Saturday, September 01, 2012

The Label Doth Protest Too Much, Methinks

Notwithstanding that I carry a Coach purse (albeit the same one for the last nine years, winter and summer for all occasions, and it bought second-hand) I've never been one for designer labels (in the realm of clothing and accessories, at least), so working in estate sales has been an enlightening experience.  I now know, for example, that Hermes is pronounced "Uhr-MEZ", that St. John's is an insanely overpriced suitmaker for the over-fifty set, and that even a mostly-used bottle of perfume with a Paris label will tempt a shoptlifter.  Of course, people also steal bobbins out of sewing machines, as I discovered to my disgust at a sale last summer, so there's no remarkable exclusivity there.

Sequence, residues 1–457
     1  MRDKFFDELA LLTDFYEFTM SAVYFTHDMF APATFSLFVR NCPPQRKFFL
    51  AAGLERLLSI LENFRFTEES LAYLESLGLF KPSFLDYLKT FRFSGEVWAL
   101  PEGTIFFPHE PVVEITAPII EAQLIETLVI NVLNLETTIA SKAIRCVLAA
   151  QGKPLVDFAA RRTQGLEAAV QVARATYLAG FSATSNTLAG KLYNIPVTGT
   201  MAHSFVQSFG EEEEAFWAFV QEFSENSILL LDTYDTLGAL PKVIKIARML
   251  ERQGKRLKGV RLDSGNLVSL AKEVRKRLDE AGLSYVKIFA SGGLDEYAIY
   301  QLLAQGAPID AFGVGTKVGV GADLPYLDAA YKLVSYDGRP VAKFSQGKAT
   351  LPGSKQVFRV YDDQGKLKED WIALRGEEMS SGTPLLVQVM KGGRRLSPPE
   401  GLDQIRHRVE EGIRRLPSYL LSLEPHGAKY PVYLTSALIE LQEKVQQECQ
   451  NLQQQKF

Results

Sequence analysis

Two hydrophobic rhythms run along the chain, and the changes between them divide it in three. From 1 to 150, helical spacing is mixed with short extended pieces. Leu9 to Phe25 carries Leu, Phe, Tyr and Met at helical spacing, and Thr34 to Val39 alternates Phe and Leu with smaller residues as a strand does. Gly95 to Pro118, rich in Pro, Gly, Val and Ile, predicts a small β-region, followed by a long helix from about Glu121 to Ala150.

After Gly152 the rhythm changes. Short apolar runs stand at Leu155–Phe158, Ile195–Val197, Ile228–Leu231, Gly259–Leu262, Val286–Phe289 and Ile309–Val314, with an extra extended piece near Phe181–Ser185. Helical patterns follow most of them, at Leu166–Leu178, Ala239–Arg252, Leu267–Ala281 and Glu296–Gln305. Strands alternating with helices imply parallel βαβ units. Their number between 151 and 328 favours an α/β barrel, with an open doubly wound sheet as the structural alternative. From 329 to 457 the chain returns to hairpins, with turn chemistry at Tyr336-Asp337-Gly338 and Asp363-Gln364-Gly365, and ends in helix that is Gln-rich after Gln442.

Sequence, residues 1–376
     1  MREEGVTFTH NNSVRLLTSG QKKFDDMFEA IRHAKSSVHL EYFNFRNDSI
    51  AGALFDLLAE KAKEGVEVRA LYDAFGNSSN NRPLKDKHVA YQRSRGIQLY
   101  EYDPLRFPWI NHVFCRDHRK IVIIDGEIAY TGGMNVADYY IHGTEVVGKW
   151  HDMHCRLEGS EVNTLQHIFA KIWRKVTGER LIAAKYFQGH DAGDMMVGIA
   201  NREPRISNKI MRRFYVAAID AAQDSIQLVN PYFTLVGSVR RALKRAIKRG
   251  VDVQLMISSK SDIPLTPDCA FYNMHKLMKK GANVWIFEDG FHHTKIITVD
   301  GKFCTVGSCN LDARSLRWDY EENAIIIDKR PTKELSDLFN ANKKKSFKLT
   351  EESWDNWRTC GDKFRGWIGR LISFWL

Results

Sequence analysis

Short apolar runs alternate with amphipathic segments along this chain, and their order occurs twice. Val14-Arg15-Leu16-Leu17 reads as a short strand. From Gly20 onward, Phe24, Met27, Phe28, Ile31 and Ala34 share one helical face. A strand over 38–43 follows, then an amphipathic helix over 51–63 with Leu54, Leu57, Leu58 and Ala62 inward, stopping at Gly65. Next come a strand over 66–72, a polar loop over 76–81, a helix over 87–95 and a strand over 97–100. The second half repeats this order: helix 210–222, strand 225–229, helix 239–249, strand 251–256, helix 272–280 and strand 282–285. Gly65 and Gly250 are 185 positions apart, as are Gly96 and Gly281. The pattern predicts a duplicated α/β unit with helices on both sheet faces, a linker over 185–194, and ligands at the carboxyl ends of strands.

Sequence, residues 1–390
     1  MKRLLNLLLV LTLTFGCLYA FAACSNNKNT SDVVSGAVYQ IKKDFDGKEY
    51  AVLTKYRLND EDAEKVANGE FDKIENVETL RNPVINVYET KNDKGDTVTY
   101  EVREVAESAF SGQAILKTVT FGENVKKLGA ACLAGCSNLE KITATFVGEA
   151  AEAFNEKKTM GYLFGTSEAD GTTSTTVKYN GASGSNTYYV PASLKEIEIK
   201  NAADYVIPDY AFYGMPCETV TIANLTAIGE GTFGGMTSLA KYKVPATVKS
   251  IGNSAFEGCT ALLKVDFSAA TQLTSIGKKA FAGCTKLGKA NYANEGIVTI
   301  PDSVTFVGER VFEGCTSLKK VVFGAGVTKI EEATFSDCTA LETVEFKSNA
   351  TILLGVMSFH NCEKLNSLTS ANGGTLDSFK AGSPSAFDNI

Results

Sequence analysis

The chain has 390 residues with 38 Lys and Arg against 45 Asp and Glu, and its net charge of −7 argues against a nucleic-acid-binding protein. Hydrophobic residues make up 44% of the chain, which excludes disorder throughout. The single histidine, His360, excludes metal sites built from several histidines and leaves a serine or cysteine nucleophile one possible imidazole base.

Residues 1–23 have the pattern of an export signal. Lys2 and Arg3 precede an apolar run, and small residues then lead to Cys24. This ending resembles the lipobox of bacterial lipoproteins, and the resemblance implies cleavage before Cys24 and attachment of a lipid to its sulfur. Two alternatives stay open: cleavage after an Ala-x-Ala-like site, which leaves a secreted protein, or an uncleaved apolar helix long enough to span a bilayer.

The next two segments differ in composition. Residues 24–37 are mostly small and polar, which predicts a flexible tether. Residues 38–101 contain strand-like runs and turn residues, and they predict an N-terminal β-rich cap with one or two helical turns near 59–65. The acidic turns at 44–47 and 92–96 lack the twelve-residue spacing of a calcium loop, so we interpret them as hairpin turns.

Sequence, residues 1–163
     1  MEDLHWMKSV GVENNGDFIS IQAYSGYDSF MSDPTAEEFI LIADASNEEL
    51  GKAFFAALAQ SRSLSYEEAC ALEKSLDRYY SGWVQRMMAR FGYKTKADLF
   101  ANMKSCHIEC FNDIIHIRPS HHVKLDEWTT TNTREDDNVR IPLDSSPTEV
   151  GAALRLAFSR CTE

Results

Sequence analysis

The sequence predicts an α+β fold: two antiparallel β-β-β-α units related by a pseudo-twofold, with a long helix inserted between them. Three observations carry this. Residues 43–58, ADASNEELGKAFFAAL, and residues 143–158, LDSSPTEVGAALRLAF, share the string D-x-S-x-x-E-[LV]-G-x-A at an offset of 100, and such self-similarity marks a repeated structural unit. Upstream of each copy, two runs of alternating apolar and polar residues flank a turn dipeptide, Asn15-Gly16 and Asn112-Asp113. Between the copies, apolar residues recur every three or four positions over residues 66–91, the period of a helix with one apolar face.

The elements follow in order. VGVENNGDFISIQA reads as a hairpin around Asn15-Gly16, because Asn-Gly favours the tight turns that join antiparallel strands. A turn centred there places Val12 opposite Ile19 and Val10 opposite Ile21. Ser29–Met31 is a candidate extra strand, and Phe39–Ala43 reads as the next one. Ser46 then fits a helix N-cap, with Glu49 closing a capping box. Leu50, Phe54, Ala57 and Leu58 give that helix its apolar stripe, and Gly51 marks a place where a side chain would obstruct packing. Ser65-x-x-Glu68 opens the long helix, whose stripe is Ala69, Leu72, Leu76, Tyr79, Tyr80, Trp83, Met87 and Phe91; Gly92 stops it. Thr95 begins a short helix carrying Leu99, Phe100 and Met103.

Although the things we sell are not ours, or perhaps precisely because they are not ours (and to tell truth we're all OCD sufferers to one degree or another), we feel compelled to do "due diligence" in researching pieces that may have some special value.  Chief among these items are those bearing designer labels, particularly those prominently printed all over with initials, like LV.  The question is, are they the real thing? 

In DC, there are a lot of people with more money than sense.  Ostentation is the order of the day, and Chanel this, Gucci that, Jimmy Choo and Fendi are just a few amongst the names that are de rigeur for your "normal" well-accoutered Washingtonian.  I confess I'd never even heard of Tod's before I came here, and thought Givenchy was something exclusive to Audrey Hepburn films.  Country come to town, I was.  I've been caught, and humiliated, not knowing what a pot de creme was, nor tole.  Never again will I forget.